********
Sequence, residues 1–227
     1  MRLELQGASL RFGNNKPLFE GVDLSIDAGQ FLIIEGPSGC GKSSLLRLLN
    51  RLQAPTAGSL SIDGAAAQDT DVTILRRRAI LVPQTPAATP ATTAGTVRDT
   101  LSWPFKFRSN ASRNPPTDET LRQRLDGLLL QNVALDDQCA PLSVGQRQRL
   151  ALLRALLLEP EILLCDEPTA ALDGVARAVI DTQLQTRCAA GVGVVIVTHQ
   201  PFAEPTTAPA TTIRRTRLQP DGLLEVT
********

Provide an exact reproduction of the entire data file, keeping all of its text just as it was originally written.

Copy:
Sequence, residues 1–227
     1  MRLELQGASL RFGNNKPLFE GVDLSIDAGQ FLIIEGPSGC GKSSLLRLLN
    51  RLQAPTAGSL SIDGAAAQDT DVTILRRRAI LVPQTPAATP ATTAGTVRDT
   101  LSWPFKFRSN ASRNPPTDET LRQRLDGLLL QNVALDDQCA PLSVGQRQRL
   151  ALLRALLLEP EILLCDEPTA ALDGVARAVI DTQLQTRCAA GVGVVIVTHQ
   201  PFAEPTTAPA TTIRRTRLQP DGLLEVT